Lawmakers in North Carolina are looking seriously at repealing the state’s personal and corporate income taxes, and replacing them primarily with a larger sales tax. As is often the case with plans to gut the income tax, the proposal is being sold as a way to “kick-start” the state’s economy. In an attempt to bolster that argument, a conservative group in North Carolina called Civitas recently hired supply-side economist Arthur Laffer to write a report claiming that 378,000 new jobs and $25 billion in new income could be created through income tax repeal. Our partner organization, the Institute on Taxation and Economic (ITEP) took a close look at the study and found that, as with Laffer’s previous work, the study is severely flawed to the point of making it entirely useless. Among the study’s many flaws:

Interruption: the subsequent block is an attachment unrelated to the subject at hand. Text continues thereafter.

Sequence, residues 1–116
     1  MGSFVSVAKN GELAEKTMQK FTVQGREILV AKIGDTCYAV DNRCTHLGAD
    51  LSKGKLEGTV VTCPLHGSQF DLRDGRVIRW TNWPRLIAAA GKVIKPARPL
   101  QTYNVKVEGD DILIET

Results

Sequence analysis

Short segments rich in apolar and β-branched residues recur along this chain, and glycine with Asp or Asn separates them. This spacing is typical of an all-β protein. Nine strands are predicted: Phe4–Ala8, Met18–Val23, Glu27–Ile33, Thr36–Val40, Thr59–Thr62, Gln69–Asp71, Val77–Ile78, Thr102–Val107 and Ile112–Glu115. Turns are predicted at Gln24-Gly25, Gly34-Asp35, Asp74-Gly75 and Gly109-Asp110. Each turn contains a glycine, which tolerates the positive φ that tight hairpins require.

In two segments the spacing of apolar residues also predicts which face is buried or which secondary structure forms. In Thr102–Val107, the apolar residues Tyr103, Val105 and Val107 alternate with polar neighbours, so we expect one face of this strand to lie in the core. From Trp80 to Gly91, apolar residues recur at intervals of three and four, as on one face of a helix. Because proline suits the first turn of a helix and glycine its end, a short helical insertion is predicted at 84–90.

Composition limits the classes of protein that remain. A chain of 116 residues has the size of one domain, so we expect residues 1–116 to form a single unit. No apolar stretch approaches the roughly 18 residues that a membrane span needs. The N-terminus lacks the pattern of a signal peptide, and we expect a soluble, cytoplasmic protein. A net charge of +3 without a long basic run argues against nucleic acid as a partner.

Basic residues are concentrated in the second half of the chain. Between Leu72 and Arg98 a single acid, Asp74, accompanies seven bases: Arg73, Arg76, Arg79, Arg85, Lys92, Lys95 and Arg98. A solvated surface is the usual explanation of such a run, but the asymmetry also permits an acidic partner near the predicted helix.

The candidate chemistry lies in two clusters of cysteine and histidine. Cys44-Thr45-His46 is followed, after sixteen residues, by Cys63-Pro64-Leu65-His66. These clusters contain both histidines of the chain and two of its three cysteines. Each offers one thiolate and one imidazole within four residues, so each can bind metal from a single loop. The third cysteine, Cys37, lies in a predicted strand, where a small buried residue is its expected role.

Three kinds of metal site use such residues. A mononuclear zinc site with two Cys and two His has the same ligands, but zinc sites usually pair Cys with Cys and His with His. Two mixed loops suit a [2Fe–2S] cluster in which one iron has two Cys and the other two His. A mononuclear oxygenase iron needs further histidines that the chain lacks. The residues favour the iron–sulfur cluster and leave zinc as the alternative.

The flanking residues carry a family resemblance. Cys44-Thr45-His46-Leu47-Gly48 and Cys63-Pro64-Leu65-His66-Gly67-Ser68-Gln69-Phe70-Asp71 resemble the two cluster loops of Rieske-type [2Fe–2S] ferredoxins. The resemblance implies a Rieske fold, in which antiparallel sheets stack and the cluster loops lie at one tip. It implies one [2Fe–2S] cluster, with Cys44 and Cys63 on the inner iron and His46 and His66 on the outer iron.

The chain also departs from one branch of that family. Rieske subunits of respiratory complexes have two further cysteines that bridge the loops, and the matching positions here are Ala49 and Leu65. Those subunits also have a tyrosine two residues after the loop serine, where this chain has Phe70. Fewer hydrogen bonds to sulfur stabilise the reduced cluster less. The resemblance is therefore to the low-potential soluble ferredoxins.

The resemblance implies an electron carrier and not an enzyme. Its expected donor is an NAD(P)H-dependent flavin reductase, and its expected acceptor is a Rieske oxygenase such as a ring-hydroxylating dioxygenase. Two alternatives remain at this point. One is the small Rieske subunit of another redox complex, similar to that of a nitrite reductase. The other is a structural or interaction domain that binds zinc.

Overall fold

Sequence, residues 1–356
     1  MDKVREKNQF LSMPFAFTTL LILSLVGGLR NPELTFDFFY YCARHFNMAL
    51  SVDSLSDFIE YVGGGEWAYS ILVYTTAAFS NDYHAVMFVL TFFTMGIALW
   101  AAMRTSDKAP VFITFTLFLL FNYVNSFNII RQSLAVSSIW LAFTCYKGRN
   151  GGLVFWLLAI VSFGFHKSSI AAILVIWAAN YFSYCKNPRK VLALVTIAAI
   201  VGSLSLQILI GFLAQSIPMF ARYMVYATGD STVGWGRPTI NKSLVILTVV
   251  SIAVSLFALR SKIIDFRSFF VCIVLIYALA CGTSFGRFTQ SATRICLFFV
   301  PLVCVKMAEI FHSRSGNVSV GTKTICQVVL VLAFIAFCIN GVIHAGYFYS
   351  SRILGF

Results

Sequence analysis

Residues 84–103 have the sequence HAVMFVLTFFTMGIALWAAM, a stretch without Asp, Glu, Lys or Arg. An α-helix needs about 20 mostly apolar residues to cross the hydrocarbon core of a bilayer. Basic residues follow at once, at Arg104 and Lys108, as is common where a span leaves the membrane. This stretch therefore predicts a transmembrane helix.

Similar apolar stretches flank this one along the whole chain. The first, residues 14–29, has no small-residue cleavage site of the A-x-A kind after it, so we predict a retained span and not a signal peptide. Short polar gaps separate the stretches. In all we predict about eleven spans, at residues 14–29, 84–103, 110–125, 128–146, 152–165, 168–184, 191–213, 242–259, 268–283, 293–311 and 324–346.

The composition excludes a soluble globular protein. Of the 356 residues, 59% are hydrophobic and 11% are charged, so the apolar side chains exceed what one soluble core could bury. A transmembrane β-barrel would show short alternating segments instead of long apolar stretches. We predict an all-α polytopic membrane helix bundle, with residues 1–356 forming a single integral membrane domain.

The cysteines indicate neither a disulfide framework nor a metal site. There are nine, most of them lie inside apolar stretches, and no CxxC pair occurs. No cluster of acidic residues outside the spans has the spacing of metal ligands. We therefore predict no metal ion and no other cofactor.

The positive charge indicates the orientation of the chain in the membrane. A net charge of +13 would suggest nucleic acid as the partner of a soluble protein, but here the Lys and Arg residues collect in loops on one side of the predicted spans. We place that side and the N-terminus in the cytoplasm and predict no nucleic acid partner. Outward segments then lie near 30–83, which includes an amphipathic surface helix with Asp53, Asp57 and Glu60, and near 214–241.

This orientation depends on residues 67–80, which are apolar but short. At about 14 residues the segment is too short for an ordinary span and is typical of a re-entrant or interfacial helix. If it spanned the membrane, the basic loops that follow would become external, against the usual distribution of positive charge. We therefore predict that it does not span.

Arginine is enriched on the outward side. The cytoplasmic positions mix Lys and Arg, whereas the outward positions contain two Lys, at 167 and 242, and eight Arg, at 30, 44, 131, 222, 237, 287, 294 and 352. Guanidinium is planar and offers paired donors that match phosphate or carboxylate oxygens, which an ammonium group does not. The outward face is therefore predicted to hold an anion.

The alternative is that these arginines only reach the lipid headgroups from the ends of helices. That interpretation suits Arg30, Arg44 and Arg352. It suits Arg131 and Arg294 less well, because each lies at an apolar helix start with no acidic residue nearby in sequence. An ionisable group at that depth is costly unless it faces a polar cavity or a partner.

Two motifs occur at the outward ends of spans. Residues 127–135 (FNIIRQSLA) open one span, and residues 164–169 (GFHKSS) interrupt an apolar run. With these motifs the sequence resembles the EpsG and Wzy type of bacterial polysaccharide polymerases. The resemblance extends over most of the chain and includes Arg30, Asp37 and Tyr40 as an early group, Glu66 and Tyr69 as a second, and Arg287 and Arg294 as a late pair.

- Fails to control for a large range of important non-tax factors that affect state economic growth.
- Confuses cause and effect by assuming that recent declines in personal income were due to taxes rather than the Great Recession.
- Does not explain, or completely ignores, the economic impact of various tax changes it proposes to pay for income tax repeal.
- Cherry-picks blunt, aggregate economic measures in comparing state economies, and simply asserts that tax policy is the driving force behind these measures.
- Ignores the important role that public investments have to play in any successful state economy.
ITEP concludes that “In proposing a policy course that no state has ever taken—repealing the personal and corporate income taxes without a wealth of oil reserves to fall back on—ALME and the Civitas Institute have laid out an untested plan without any evidence that it will benefit the state’s economy.”